I anticipated typing, or working on a spreadsheet, but that's not what the project turned out to be. Our staff room used to have two computers for teacher use, but one of them recently kicked the bucket.  My task was to move a computer from the computer lab down the hall and set it up in a cubby along the wall.  And get it connected to the network.

I was confident I could do the first job but not so sure about the second, and I told the director so.  She was undaunted, so we set off toward the computer lab to figure out a plan of action.  Our lab has three computer stations; we decided I'd take the center one.  The director left and I got to work.  Before I disconnected the bird's nest of cables behind the monitor, I labeled each cord with a piece of masking tape, then took everything apart.  It took me three trips to carry everything to the staff room, then I went back to the director for my next set of instructions.

We walked back to the staff room and took a good look at the computer's new home. It needed a power source, but the only outlet was on the other side of the cubby wall.  We decided to put a power strip in the cubby and make a hole through the wall for the cord.  I would have used a drill, but the director had her own idea-she got a hammer and used it with a screwdriver to poke a small hole through the wall, then used the shaft of the screwdriver to widen it.  After a couple of minutes, she turned that job over to me and went in search of a power strip.  Not finding one, she sent her assistant to the store.

While I waited for the essential power source, I worked on enlarging the hole and figuring out where all the computer pieces would go.  The cubby has a desk surface and two shelves--the lower one at eye level.  The top shelf was too high for the CPU tower, and there wasn't enough room on the lower shelf.  The director had a solution; we'd just remove the top shelf!  She got her hammer again and tapped the underside of the shelf, which came off easily.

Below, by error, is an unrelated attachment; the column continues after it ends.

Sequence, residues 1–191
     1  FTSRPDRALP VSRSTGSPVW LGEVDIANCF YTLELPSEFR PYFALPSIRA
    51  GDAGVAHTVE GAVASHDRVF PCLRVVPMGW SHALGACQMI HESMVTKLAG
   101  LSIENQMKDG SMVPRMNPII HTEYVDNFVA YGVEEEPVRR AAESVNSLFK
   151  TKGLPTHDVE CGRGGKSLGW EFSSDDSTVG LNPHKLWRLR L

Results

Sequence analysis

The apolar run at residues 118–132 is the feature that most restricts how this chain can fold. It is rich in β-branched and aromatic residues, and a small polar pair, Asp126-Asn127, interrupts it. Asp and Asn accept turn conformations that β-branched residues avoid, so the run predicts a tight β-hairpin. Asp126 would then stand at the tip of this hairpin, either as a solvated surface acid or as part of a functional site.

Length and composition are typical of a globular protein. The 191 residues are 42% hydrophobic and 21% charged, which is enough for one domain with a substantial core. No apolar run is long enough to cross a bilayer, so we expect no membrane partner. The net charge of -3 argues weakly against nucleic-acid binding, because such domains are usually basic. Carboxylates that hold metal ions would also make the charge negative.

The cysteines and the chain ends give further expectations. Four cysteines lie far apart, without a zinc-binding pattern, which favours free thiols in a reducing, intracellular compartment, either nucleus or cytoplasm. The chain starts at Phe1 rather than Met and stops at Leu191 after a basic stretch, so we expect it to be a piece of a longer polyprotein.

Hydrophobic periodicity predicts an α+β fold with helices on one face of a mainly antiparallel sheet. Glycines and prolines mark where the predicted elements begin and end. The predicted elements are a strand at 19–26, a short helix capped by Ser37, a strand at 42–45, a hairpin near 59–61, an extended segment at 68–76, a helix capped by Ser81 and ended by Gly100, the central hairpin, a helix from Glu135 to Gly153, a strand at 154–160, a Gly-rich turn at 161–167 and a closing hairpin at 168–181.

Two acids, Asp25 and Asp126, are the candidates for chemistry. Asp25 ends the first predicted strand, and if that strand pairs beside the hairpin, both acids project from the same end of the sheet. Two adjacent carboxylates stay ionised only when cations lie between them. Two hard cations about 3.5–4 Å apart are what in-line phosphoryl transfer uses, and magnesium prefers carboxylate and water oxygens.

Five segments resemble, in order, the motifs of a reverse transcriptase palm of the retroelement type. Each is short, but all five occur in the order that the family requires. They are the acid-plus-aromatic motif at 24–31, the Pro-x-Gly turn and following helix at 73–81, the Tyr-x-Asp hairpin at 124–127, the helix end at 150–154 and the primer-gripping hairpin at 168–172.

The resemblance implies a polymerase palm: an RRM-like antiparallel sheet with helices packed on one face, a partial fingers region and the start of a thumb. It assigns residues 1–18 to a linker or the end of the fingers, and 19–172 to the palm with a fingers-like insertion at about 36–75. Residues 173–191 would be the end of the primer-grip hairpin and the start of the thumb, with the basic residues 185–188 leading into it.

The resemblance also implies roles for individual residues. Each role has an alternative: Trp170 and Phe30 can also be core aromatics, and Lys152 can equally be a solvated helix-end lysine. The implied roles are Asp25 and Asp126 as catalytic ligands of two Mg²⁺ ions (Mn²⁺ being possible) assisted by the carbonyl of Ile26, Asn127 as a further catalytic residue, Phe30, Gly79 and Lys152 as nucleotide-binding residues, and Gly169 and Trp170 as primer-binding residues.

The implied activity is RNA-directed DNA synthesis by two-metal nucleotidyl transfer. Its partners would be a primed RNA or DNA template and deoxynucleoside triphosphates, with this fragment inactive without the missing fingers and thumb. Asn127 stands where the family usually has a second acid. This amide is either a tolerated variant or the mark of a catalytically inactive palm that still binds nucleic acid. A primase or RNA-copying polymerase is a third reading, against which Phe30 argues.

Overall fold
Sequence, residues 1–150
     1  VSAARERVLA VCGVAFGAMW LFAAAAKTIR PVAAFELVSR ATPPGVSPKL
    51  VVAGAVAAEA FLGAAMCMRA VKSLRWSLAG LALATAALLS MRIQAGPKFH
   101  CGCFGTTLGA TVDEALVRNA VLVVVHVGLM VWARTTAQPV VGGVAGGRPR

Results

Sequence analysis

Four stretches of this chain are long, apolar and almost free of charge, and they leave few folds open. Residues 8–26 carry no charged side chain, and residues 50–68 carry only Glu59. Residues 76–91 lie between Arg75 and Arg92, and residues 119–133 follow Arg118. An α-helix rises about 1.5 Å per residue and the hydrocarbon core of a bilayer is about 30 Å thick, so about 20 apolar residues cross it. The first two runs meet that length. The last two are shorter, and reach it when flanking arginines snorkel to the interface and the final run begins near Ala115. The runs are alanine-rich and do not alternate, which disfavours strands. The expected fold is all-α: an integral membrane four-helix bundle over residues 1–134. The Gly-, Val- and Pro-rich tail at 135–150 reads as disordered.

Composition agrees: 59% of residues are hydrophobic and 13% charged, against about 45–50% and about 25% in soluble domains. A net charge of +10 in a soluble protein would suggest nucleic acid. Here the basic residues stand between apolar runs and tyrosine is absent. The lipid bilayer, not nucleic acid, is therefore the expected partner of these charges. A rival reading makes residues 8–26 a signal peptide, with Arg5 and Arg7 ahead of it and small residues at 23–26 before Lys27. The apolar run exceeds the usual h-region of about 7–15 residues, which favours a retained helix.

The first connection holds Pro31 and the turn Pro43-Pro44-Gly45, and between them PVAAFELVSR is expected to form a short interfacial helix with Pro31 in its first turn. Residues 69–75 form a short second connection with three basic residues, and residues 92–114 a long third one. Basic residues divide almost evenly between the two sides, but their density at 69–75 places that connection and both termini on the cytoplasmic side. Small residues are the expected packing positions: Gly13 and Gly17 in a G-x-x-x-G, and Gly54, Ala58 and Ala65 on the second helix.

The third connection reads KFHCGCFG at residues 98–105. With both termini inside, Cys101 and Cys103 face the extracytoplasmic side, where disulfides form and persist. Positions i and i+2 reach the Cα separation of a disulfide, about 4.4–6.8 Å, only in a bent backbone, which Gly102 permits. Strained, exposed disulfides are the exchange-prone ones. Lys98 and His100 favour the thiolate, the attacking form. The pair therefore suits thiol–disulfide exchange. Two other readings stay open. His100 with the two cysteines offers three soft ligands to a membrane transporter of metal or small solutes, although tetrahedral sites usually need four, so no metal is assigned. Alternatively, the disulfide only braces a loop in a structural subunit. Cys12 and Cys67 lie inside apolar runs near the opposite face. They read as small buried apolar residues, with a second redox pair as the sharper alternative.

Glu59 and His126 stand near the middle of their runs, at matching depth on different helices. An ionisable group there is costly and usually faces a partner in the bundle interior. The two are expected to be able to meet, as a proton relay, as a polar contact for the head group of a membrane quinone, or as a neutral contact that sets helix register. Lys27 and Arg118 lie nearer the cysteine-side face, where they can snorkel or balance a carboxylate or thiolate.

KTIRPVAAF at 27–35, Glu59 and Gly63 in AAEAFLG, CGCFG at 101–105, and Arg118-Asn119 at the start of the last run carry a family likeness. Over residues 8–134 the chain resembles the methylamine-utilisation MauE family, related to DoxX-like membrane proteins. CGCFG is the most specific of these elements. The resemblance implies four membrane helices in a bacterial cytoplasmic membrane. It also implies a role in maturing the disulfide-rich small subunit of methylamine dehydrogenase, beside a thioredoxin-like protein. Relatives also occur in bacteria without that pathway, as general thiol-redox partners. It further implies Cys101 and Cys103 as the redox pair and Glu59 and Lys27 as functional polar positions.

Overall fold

The assistant returned with the power cord. Sadly, it had a plug that wouldn't fit through the hole I'd made and there wasn't time to work on it before the session was over for the day.  I don't know if someone else will tackle the project tonight or it will be waiting for me tomorrow...

Monday, April 18, 2011

In Honor Of Tax Day

This cartoon from 1967 was new to me.  The Beatles dream they are back in the time of Merry Olde England, and try to pay Ringo's huge tax bill with the help of Robin Hood and Little John.


Sunday, April 17, 2011

Yard Work-As Viewed From Heaven

(Overheard in a conversation between God and St. Francis):

God: Francis, you know all about gardens and nature; what in the world is going on down there in the United States? What happened to the dandelions, violets, thistles and the stuff I started eons ago?   I had a perfect no-maintenance garden plan. Those plants grow In any type of soil, withstand drought, and multiply with abandon. The nectar from the long-lasting blossoms attracts butterflies, honeybees, and flocks of songbirds. I expected to see a vast garden of color by now. All I see are patches of green.

St. Francis: It's the tribes that settled there, Lord. They are called the 'Suburbanites'. They started calling your flowers "weeds" and went to great lengths to kill them and replace them with grass.

God: Grass? But it is so boring, it's not colorful. It doesn't attract butterflies, bees or birds, only grubs and sod worms. It's temperamental with temperatures. Do these Suburbanites really want grass growing there?

St. Francis: Apparently not, Lord. As soon as it has grown a little, they cut it...sometimes two times a week.

God: They cut it? Do they bale it like hay?

St. Francis: Not exactly, Lord. Most of them rake it up and put it in bags.

God: They bag it? Why? Is it a cash crop? Do they sell it?

St. Francis: No sir, just the opposite. They pay to throw it away.

God: Now let me get this straight...they fertilize it to make it grow and when it does grow, they cut it off and pay to throw it away?

St. Francis: Yes, sir.

God: These Suburbanites must be relieved in the summer when we cut back on the rain and turn up the heat. That surely slows the growth and saves them a lot of work.

St. Francis: You aren't going to believe this Lord, but when the grass stops growing so fast, they drag out hoses and pay more money to water it so they can continue to mow it and pay to get rid of it.

God: What nonsense! At least they kept some of the trees. That was a sheer stroke of genius, if I do say so myself. The trees grow leaves in the spring to provide beauty and shade in the summer. In the autumn they fall to the ground and form a natural blanket to keep the moisture in the soil and protect the trees and bushes. Plus, as they rot, the leaves become compost to enhance the soil. It's a natural circle of life.

St. Francis: You'd better sit down, Lord. As soon as the leaves fall, the Suburbanites rake them into great piles and pay to have them hauled away.